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Urinary tract infection (UTI) is the most common infection experienced by humans after respiratory and gastro-intestinal infections, and also the most common cause of both community-acquired and nosocomial infections for patients admitted to hospitals. For better management and prognosis, it is mandatory to know the possible site of infection, whether the infection is uncomplicated or complicated, re-infection or relapse, or treatment failure and its pathogenesis and risk factors. Asymptomatic bacteriuria is common in certain age groups and has different connotations. It needs to be treated and completely cured in pregnant women and preschool children. Reflux nephropathy in children could result in chronic kidney disease; otherwise, urinary tract infections do not play a major role in the pathogenesis of end-stage renal disease. Symptomatic urinary tract infections occur most commonly in women of child-bearing age. Cystitis predominates, but needs to be distinguished from acute urethral syndrome that affects both sexes and has a different management plan than UTIs. The prostatitis symptoms are much more common than bacterial prostatic infections. The treatment needs to be prolonged in bacterial prostatitis and as cure rates are not very high and relapses are common, the classification of prostatitis needs to be understood. The consensus conference convened by National Institute of Health added two more groups of patients, namely, chronic prostatitis/chronic pelvic pain syndrome and asymptomatic inflammatory prostatitis, in addition to acute and chronic bacterial prostatitis. Although white blood cells in urine signify inflammation, they do not always signify UTI. Quantitative cultures of urine provide definitive evidence of UTI. Imaging studies should be done 3-6 weeks after cure of acute infection to identify abnormalities predisposing to infection or renal damage or which may affect management. Treatment of cystitis in women should be a three-day course and if symptoms are prolonged, then a seven day course of antibiotics should be given. Selected group of patients benefits from low-dose prophylactic therapy. Upper urinary tract infection may need in-patient treatment. Treatment of acute prostatitis is 30-day therapy of appropriate antibiotics and for chronic bacterial prostatitis a low dose therapy for 6-12 months may be required. It should be noted that no attempt should be made to eradicate infection unless foreign bodies such as stones and catheters are removed and correctable urological abnormalities are taken care of. Treatment under such circumstances can result only in the emergence of resistant organisms and complicate therapy further.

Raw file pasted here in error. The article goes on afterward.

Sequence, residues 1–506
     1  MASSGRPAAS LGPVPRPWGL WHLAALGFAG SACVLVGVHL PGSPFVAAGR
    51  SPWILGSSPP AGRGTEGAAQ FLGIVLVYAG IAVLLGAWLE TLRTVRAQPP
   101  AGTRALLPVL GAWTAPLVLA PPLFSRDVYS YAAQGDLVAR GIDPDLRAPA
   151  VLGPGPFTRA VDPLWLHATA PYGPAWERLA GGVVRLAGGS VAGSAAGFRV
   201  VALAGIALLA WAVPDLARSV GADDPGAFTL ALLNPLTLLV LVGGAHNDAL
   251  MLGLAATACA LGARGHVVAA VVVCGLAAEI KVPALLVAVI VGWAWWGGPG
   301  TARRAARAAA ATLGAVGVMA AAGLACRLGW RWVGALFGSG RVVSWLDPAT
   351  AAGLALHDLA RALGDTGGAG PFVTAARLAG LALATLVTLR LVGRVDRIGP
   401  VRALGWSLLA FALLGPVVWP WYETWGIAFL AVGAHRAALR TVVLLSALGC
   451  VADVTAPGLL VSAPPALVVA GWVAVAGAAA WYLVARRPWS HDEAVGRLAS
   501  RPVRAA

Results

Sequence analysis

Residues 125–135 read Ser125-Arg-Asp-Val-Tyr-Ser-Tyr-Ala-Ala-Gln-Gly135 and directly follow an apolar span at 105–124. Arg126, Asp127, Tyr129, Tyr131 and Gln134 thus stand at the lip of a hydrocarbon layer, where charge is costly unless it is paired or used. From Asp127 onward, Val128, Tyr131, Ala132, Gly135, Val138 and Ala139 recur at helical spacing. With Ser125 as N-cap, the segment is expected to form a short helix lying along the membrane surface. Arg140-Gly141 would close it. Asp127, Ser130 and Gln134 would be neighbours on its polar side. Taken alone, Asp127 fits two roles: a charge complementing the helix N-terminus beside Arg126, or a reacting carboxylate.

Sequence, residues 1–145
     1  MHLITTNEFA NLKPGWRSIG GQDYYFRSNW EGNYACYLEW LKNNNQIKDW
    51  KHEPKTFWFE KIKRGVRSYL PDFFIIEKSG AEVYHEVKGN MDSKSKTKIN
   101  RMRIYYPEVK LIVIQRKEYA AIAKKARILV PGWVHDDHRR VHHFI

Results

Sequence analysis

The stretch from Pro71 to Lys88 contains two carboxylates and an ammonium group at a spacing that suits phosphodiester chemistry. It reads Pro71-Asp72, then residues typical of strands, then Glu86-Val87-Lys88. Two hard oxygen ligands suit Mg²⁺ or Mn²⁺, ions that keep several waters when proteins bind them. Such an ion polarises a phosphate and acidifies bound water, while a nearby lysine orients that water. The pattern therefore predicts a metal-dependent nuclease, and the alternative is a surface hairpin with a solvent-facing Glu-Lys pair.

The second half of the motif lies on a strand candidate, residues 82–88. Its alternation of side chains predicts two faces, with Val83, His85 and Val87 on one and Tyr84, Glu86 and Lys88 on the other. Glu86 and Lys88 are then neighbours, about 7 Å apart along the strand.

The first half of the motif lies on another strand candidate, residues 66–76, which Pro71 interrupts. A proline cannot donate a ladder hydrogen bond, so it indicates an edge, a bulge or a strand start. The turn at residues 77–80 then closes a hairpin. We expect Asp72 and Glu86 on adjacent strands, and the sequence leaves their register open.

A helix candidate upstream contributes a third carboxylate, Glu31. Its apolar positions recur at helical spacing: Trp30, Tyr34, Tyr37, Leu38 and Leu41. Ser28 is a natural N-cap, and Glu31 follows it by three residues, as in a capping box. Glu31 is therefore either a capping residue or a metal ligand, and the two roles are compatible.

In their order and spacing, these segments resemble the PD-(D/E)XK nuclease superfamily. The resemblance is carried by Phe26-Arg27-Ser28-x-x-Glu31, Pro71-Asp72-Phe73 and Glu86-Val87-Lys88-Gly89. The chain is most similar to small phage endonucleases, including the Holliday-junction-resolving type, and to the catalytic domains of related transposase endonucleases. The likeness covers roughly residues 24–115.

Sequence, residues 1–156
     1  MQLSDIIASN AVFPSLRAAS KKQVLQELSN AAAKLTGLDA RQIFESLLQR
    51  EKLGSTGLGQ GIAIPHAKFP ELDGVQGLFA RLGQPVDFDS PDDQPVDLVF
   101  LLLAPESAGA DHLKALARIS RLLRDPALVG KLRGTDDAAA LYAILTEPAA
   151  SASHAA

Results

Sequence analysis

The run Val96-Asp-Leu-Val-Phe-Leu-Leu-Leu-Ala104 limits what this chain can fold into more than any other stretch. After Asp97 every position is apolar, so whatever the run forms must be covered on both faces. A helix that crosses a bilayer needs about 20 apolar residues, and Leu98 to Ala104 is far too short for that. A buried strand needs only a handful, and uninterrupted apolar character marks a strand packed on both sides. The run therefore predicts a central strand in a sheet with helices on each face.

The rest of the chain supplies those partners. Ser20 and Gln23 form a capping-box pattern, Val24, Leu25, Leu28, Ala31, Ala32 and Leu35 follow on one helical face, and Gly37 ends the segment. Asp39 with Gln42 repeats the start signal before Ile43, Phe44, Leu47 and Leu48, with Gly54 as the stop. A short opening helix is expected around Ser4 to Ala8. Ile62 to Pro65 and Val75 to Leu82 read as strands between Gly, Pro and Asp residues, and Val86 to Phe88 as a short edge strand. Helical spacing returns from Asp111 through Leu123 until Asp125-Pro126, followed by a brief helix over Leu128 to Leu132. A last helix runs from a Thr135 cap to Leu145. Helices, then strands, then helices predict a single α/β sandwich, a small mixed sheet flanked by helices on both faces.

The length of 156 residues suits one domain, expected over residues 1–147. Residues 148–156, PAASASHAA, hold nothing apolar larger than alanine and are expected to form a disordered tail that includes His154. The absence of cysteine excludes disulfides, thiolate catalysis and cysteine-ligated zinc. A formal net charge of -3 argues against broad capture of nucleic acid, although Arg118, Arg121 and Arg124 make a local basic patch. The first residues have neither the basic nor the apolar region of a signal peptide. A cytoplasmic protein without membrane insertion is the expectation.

Urinary tract infection (UTI) is the third most common infection experienced by humans after respiratory and gastro-intestinal infections. In fact, bacterial infections of the urinary tract are the most common cause of both community acquired and nosocomial infections for patients admitted to hospitals in United States. It is distressing and occasionally life threatening. However, the prognosis and management of urinary tract infections depends on the site of infection and any predisposing factors.
UTI may be defined as a condition in which bacteria are established and multiplying within the urinary tract. Diagnosis requires demonstration of bacteriuria. Exceptions to this include patients with pyogenic abscess of kidney or perinephric tissue, obstructed pyonephrosis or bacterial prostatitis in whom the urine may be sterile.
Some definitions are necessary because the infection of the urinary tract may result from microbial invasion of any of the tissues extending from urethral orifice to the renal cortex. Although the infection and resultant symptoms may be localized, the presence of bacteria in urine places the entire urinary system at risk of invasion by bacteria.
It is defined as the presence of 100 000 or more colony forming units (CFU) per ml of urine. This Kass criteria has been questioned and bacterial counts of 102 or more organism per ml particularly when accompanied by pyuria (>10 wbc/mm3) provide impressive evidence of urinary tract infection in symptomatic young women. The Infectious Disease Society of America (IDSA) gave a slightly more relaxed consensus definition requiring 103 organisms per ml to diagnose cystitis and 104 per ml for pyelonephritis.